It is easy to envy people who live in Arizona and Southern California when the temperature in Wisconsin reaches minus eight, like it did a few weeks ago and will again soon. I have family in both these places and I am sure they think of us while they are slathering sunscreen and cleaning ice cream spills off their sandals.
But what I really envy is their curious privilege of walking to the back yard and plucking an absurdly fresh orange, grapefruit or lemon from a low-hanging citrus branch. Not that I am complaining. We have fruit here. I like pears and cherries and plums. And I am head over peels for apples. But there is something exotic and unattainable about citrus fruit, which here exists only in grocery store aisles.
At least that was the case until five years ago, when my brother-in-law, Doug--or maybe it was my sister-in-law, Erin, got me a lemon tree for Christmas. The tree wasn’t wrapped in the box. I had to wait until spring when it could be safely shipped. When it arrived, it was just a stick with roots, the way most trees arrive when mailed.
With modest expectations I planted it into a large container, just small enough that one person could still carry it into the house during the winter months. I was careful not to water it excessively. Far more lemon trees are killed by overwatering than underwatering warned the nursery’s pamphlet.
The tree bloomed in its first season. I was encouraged. If you have never smelled lemon tree blossoms, you should. I might even invite you and charge admission. $7. And you would think it was a good deal. The fragrance alone is almost worth the price of the tree, even if it would never produce a single lemon. Which is almost what happened.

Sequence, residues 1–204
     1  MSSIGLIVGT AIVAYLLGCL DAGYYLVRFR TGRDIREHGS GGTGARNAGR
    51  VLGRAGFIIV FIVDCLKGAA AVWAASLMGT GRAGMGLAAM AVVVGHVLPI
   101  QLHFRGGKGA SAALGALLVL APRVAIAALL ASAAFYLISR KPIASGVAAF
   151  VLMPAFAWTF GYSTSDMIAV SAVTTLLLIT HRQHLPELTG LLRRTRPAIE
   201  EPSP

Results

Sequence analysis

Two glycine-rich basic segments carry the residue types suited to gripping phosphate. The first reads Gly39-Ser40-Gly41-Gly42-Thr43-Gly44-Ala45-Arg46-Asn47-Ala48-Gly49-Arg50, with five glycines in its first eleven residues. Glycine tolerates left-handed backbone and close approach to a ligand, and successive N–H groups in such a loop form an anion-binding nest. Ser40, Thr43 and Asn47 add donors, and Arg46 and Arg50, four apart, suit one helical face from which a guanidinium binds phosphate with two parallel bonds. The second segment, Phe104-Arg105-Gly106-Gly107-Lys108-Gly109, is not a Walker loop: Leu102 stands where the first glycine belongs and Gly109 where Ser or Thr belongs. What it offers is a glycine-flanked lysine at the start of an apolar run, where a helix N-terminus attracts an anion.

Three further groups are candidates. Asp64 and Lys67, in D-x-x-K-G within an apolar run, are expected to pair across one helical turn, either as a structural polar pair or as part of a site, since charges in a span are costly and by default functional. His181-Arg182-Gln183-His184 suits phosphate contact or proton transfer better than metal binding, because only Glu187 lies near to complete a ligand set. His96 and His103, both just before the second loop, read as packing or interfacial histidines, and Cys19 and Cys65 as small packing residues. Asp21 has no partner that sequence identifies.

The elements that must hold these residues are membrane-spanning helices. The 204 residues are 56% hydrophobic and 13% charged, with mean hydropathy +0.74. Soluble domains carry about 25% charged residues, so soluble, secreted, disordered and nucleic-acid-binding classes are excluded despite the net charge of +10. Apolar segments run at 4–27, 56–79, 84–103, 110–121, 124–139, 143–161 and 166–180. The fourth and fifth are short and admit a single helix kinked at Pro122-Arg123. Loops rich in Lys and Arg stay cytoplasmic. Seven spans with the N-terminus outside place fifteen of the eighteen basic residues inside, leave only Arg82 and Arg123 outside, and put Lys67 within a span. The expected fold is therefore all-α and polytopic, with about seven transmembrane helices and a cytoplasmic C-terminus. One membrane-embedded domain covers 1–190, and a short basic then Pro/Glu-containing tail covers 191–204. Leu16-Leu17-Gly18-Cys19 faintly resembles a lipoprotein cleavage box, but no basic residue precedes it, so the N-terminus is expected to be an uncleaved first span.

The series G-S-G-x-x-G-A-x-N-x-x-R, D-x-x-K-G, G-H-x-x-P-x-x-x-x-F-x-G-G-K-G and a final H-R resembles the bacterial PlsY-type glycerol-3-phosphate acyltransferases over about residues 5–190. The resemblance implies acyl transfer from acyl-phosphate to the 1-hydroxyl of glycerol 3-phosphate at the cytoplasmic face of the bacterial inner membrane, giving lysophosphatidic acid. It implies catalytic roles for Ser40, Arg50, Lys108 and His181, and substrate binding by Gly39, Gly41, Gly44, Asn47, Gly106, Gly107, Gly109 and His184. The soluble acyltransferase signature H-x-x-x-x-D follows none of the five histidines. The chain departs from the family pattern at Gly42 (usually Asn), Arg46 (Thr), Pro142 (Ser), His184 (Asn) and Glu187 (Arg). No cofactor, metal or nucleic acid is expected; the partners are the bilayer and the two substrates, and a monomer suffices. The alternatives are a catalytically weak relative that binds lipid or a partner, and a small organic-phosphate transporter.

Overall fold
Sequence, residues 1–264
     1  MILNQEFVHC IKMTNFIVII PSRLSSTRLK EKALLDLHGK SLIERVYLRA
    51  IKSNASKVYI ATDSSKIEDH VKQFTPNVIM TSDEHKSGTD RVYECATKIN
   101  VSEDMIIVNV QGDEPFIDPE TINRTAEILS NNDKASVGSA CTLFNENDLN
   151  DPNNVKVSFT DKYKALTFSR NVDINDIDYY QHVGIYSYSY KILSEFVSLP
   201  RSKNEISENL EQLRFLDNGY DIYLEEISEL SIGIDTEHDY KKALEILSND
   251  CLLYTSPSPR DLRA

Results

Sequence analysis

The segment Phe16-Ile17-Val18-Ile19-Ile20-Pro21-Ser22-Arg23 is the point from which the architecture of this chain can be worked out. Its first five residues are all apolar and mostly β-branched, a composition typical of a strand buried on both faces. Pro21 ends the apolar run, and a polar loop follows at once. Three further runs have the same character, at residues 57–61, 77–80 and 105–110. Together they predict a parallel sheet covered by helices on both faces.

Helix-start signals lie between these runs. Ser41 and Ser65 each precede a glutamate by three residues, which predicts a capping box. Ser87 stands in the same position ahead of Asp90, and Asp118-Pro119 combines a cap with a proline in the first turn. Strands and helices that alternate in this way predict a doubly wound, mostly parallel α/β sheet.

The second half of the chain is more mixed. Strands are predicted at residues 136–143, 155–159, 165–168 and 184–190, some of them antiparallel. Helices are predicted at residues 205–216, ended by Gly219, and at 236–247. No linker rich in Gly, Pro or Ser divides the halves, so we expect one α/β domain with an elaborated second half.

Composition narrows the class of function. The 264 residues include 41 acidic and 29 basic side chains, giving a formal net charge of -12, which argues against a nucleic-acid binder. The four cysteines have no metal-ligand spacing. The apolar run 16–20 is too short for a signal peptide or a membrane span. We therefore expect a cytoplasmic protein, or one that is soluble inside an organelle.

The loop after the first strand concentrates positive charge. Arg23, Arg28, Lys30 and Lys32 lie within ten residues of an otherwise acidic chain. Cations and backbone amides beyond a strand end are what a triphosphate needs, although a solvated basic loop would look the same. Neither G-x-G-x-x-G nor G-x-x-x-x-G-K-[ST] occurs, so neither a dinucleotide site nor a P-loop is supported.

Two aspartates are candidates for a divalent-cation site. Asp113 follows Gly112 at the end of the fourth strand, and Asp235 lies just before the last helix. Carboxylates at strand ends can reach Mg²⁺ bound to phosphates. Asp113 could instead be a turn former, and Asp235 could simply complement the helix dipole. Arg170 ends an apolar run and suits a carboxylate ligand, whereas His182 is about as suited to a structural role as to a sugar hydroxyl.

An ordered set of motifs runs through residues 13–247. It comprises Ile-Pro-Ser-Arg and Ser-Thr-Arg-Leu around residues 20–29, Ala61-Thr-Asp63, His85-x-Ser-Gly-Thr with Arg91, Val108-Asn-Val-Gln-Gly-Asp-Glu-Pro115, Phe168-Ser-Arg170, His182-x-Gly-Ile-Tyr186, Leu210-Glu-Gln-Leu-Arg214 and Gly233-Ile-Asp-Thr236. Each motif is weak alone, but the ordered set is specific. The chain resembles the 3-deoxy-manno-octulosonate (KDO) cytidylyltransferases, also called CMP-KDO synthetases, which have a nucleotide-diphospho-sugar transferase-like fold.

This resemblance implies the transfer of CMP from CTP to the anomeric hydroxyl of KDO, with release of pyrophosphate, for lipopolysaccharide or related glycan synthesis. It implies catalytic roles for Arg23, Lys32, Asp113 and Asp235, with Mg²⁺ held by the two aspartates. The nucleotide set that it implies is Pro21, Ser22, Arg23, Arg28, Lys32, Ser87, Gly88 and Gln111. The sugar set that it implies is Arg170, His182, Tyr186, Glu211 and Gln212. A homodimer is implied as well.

Most of the blossoms and most of the baby lemons that did form just fell off. I figured I was doing something wrong, but I did not know what because, well, it’s a lemon tree. Just give it time, I thought. Over the next two seasons the pattern repeated and I got a total of three lemons, which was better than none, but nothing to blog about. In the rainy summer of 2015 I put the tree in the back of the garden where it was too wet and too shady, and I kinda forgot about it. By fall its leaves were mildewed. I wondered if I had killed it. I brought it inside to above-garage garden room where the temperature was kept above 40 degrees and removed the diseased leaves, which was all of them.
Last spring, when I brought it to its new home on the farm, I decided to prune it heavily back, which I imagine to be the plant equivalent of shocking the heart in cardiac arrest. I cut all the leaves and most of the branches off. On the farm it had full sun, and I was careful to bring it inside when there was too much rain. It returned with a vengeance. Sturdy new branches. New glossy green leaves every week. I was sure there would be no fruit this year, but to my surprise it even blossomed. By midsummer I noticed small lemons. I figured they would fall off, but most did not.
Just before the first frost I brought the tree into the greenhouse. A few weeks ago all eight green lemons turned yellow. They look ready to harvest. Now that I have the lemon tree bug, I am collecting lemon seeds to grow new trees. If any of those grow, I may try to graft my variety onto the seed-grown trees. Who knows? Maybe One Seed Farm will someday be the sole supplier of local organic Wisconsin lemons.